Annotated Bibliography #1
Osby, Melanie, Saxena, Sunita, Nelson, Janice, Shullman, Ira. (2007). Safe Handling and Administration of Blood Components. Pathology & Laboratory Medicine, 131(1), 690-694. Retrieved on October 17, 2010, from http://ezproxy.iuk.edu/login?url=http://search.ebscohost.com/login.aspx?direct=true&db=c8h&AN=2009579571&site=ehost-live.
Seven case scenarios are reviewed by four medical doctors to assess the risks that hinder successful blood transfusions and administration of blood components (2007). The authors present scenarios of actual transfusion situations, the mistakes made that affected real patients, and the lessons for nurses and other physicians to prevent such errors in their careers. Various journals, textbooks and internet sources were used to obtain data to support their claims. In the article, the doctors explain how the transfusion process involves several steps that can compromise patient safety if not carried out according established guidelines.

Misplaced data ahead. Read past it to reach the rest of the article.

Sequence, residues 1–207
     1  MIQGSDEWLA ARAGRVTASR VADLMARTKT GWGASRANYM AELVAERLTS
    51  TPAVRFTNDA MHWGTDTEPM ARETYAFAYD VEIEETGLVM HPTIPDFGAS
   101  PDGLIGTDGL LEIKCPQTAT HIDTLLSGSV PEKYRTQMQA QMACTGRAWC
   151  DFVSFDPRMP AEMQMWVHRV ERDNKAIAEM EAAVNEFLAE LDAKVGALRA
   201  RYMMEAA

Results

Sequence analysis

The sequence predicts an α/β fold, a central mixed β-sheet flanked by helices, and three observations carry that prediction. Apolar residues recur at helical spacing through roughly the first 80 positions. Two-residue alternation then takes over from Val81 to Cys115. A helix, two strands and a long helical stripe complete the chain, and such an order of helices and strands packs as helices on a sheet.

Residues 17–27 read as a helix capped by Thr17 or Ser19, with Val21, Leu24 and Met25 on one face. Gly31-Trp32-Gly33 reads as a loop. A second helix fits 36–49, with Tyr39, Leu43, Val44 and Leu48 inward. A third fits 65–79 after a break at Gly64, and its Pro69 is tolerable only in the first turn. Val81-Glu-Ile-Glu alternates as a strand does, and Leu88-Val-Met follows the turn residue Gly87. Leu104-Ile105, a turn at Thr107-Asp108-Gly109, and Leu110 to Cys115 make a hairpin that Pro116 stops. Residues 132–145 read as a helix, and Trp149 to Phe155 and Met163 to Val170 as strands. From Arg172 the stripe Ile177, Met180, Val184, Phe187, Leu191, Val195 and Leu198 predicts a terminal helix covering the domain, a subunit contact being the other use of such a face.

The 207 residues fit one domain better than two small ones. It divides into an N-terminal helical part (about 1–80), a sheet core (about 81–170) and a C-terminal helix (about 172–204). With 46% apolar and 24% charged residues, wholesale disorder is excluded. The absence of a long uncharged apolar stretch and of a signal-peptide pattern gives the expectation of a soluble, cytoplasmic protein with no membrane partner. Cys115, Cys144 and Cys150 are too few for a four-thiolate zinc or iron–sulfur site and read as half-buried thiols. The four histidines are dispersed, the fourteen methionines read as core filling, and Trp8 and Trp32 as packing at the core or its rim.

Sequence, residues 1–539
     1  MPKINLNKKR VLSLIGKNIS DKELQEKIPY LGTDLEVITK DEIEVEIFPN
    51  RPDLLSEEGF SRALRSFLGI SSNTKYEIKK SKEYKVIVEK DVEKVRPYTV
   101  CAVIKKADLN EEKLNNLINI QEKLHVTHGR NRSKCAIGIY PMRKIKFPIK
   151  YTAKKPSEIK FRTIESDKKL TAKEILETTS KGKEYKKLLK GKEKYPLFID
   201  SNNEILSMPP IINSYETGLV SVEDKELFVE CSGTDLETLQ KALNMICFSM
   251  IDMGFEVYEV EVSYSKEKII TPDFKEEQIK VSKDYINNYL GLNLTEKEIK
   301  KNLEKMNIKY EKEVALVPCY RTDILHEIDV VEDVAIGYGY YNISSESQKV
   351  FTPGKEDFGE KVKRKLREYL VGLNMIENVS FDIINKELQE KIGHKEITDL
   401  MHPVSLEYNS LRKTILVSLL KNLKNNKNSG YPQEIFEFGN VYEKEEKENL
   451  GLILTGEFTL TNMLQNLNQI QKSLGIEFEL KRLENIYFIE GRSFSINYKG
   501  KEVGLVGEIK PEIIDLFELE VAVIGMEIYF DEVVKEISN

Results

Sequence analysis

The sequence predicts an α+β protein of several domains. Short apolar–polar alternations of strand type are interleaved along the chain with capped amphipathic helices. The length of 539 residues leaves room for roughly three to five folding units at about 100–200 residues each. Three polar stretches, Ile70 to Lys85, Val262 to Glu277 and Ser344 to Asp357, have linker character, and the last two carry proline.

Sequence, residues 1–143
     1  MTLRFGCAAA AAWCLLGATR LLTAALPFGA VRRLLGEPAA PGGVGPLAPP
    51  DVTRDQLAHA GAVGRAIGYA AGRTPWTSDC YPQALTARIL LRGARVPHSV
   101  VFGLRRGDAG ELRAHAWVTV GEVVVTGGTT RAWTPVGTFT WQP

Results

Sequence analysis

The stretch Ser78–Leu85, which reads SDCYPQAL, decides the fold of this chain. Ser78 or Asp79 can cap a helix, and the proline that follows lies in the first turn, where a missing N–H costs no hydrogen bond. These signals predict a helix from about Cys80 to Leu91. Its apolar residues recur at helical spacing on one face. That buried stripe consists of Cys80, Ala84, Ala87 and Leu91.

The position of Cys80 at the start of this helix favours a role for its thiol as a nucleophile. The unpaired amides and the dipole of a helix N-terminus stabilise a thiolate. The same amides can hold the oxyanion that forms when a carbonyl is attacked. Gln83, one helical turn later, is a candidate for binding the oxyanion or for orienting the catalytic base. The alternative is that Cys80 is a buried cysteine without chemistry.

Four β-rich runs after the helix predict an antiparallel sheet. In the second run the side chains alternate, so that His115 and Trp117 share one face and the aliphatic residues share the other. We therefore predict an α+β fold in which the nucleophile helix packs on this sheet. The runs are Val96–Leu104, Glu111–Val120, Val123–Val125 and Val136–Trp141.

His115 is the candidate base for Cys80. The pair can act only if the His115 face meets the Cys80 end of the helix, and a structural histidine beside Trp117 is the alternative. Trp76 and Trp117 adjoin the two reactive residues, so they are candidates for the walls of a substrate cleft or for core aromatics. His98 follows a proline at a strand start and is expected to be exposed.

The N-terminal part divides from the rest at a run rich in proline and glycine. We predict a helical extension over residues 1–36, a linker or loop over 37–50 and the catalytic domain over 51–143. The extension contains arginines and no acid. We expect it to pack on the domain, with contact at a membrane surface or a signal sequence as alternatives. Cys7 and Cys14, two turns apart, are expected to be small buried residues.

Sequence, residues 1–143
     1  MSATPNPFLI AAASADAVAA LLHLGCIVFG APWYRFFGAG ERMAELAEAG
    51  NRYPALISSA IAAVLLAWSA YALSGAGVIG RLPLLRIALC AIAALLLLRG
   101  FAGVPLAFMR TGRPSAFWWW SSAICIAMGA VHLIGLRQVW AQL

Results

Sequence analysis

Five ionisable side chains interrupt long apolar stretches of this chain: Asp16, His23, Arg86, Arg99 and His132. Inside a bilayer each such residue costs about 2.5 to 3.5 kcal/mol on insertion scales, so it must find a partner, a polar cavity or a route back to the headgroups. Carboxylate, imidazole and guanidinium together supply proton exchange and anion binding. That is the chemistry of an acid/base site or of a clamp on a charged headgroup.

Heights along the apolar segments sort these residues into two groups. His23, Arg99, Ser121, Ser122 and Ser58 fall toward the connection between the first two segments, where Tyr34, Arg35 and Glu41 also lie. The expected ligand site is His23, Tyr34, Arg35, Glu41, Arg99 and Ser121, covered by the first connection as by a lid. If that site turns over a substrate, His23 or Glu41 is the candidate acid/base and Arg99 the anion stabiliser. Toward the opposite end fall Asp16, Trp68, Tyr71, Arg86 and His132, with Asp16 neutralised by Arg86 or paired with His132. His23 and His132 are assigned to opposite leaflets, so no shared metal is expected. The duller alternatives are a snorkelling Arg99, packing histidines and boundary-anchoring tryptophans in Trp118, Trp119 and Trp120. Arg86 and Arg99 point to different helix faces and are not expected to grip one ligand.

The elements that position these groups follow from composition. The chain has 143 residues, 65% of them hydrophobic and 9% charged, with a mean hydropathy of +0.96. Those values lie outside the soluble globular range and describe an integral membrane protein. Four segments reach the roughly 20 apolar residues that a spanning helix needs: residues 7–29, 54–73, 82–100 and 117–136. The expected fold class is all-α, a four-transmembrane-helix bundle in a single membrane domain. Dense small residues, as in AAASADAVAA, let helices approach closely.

Sometimes stories can be the most effective way to raise awareness and educate. Incorporating this is a strength of the study. The authors present scenarios that show inappropriate blood component ordering, the importance of obtaining patient consent to transfuse, the proper way to submit a blood sample to a blood bank and issue the components, and transfusing and monitoring the patient during transfusion. The authors are effective because one can imagine being part of a transfusion that went bad and the emotions that it will bring about.
The research goes beyond just scenarios with their cause and effects. The authors delve into the administrative responsibilities for all levels of medical staff and elaborate on the most intricate details in the process. The article further presents a table that gives information on needle size, types of tubing and filters to use, infusion rates, and using pumps and blood warmers. Another table shows the signs and symptoms displayed during...
Please join StudyMode to read the full document